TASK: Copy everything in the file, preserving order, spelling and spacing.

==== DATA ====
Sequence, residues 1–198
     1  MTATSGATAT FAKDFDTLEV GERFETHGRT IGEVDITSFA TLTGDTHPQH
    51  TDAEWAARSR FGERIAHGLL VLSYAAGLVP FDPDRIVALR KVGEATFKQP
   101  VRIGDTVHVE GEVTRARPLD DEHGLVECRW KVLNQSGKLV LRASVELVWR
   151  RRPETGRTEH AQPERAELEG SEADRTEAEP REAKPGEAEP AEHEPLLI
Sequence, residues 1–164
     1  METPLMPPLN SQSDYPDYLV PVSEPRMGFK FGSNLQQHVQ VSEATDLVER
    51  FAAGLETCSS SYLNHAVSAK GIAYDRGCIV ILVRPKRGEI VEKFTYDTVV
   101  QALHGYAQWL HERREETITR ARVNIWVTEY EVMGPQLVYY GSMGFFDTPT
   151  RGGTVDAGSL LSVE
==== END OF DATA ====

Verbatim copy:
Sequence, residues 1–198
     1  MTATSGATAT FAKDFDTLEV GERFETHGRT IGEVDITSFA TLTGDTHPQH
    51  TDAEWAARSR FGERIAHGLL VLSYAAGLVP FDPDRIVALR KVGEATFKQP
   101  VRIGDTVHVE GEVTRARPLD DEHGLVECRW KVLNQSGKLV LRASVELVWR
   151  RRPETGRTEH AQPERAELEG SEADRTEAEP REAKPGEAEP AEHEPLLI
Sequence, residues 1–164
     1  METPLMPPLN SQSDYPDYLV PVSEPRMGFK FGSNLQQHVQ VSEATDLVER
    51  FAAGLETCSS SYLNHAVSAK GIAYDRGCIV ILVRPKRGEI VEKFTYDTVV
   101  QALHGYAQWL HERREETITR ARVNIWVTEY EVMGPQLVYY GSMGFFDTPT
   151  RGGTVDAGSL LSVE